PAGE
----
When government announced changes to the fuel tax levy on Wednesday, motorists found themselves in an age-old “swings and roundabouts” scenario.

When government announced changes to the fuel tax levy on Wednesday, motorists found themselves in an age-old “swings and roundabouts” scenario.

CARtoday.com reported recently that President Thabo Mbeki had announced a new fuel pricing structure, ie: a revision in the way the basic petrol price is formulated. At the time, it was believed that the move would save motorists up to R1 billion a year.

However, Finance Minister Trevor Manuel on Wednesday announced changes to the fuel tax levy that would add on approximately R1 billion to the fuel price structure.

on Thursday quoted a spokesman for the SA Chamber of Business as saying: “In terms of the announcement by the president of changes in fuel price determination, it seems to be offset by the proposed increase in the fuel levy”.

Manuel eliminated the differential between the fuel levies imposed on leaded and unleaded petrol, increasing both to 101c/l to give the refining industry time to improve its ability to produce clean fuel.

The levy on leaded petrol increases by 3c/l on April 2, while that on unleaded petrol goes up by between 6,2c and 9,2c/l, depending on the octane rating. The general fuel levy on diesel increases 4c/l to 85c/l, while the Road Accident Fund levy will rise 3c/l to 21,5c/l.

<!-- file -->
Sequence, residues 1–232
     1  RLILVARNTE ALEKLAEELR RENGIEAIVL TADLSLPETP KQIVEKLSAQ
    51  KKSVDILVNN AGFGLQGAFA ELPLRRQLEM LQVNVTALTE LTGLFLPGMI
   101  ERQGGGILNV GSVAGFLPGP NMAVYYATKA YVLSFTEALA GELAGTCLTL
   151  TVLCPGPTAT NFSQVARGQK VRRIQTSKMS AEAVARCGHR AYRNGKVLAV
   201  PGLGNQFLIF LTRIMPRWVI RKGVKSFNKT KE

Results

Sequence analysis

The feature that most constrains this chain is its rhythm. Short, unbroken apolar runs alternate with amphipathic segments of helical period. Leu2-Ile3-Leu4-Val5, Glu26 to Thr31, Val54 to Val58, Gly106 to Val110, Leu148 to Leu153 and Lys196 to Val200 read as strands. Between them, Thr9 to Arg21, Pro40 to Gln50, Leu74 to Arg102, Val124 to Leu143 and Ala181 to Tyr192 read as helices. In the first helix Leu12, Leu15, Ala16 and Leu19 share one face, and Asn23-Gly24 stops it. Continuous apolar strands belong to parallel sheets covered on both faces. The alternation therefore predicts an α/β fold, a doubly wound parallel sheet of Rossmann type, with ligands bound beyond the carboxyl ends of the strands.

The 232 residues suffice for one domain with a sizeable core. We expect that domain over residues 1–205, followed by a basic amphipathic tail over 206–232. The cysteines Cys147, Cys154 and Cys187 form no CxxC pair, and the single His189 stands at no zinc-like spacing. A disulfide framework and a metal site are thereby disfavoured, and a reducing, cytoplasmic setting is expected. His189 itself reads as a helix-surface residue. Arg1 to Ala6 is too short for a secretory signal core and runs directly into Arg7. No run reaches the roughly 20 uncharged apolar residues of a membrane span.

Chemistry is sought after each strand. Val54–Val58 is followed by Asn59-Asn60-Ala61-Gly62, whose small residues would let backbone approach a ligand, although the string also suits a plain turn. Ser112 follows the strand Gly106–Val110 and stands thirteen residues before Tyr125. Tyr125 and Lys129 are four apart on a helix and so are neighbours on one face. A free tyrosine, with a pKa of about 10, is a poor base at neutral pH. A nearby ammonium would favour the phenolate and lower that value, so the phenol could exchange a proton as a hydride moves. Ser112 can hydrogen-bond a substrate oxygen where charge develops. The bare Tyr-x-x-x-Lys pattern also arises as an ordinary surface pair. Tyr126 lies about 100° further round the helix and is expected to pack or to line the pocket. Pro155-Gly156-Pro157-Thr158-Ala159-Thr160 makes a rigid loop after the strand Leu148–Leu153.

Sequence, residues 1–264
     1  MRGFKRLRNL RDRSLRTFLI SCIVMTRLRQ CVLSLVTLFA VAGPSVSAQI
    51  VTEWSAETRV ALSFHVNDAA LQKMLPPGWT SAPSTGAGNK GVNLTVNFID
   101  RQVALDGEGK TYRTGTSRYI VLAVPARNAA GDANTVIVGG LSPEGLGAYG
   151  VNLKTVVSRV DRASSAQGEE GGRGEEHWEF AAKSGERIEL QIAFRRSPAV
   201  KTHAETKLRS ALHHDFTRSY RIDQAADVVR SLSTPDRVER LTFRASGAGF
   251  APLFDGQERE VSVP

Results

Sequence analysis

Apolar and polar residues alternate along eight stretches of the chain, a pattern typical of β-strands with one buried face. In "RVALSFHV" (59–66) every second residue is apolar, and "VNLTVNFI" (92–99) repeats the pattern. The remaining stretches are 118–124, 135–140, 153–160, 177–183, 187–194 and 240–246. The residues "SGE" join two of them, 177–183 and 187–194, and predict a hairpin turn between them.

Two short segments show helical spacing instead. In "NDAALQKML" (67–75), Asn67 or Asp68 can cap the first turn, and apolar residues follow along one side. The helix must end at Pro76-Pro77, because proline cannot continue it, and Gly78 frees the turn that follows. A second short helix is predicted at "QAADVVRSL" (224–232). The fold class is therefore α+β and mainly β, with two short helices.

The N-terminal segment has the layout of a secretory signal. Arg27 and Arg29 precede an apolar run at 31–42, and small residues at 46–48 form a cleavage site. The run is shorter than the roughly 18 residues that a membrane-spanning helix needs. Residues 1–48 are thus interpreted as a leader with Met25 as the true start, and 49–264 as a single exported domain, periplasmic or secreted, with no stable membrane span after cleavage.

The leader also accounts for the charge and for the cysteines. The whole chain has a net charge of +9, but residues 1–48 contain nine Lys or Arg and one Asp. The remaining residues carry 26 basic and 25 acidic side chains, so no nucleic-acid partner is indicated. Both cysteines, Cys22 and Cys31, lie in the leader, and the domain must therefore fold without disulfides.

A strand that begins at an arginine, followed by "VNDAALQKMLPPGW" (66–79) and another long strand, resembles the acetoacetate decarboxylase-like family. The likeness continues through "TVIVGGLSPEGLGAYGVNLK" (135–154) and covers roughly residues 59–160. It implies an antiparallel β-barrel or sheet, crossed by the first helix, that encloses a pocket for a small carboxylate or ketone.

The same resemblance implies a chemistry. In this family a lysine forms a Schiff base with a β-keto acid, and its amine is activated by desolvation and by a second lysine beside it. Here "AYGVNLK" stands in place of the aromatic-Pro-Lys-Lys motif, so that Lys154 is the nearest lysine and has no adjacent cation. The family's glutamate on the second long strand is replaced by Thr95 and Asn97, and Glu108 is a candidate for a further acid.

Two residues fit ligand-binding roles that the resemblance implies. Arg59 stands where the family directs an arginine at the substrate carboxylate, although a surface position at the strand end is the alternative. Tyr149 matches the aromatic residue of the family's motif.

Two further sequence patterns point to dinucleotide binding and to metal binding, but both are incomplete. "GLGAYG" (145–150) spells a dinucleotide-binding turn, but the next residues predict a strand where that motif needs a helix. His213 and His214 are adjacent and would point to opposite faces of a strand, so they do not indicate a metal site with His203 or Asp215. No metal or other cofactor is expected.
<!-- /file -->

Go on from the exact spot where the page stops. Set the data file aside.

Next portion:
There was no increase in the general fuel levy on petrol and diesel last year. Manuel pointed out that the tax burden on fuel had fallen from an average of 45 per cent of the pump price in 1998 to about 31,4 per cent in 2002-03.

In deciding on the increases, which were expected to raise about R642 million for the national revenue fund and another R474 million for the road accident fund in the 2003-04 financial year, he took into account the strength of the rand and the adoption of a more streamlined approach to fuel pricing, Manuel said.

Petrol and diesel attract five separate taxes and levies. These levies include the general fuel levy, which finances general government expenditure; the road accident fund levy, which is dedicated to claims from third parties injured in motor accidents; a customs and excise levy imposed in terms of the Southern African Customs Union pool agreement, which finances regional development and stability; an equalisation levy used to stabilise short-term price volatility; and a levy on diesel to defray the costs of dyeing paraffin to stop the illegal practice of blending it with diesel to evade tax, reported.

“The combined effect of the juggling of the regulated fuel price means the effect of the changes to the motorists could be negligible on April 2 (when the new pricing mechanisms take effect), particularly as the government was already collecting an average of 27,5 cents a litre too little on the fuel price, because of the sharp increases in world price of crude oil,” an analyst said.

Original article from Car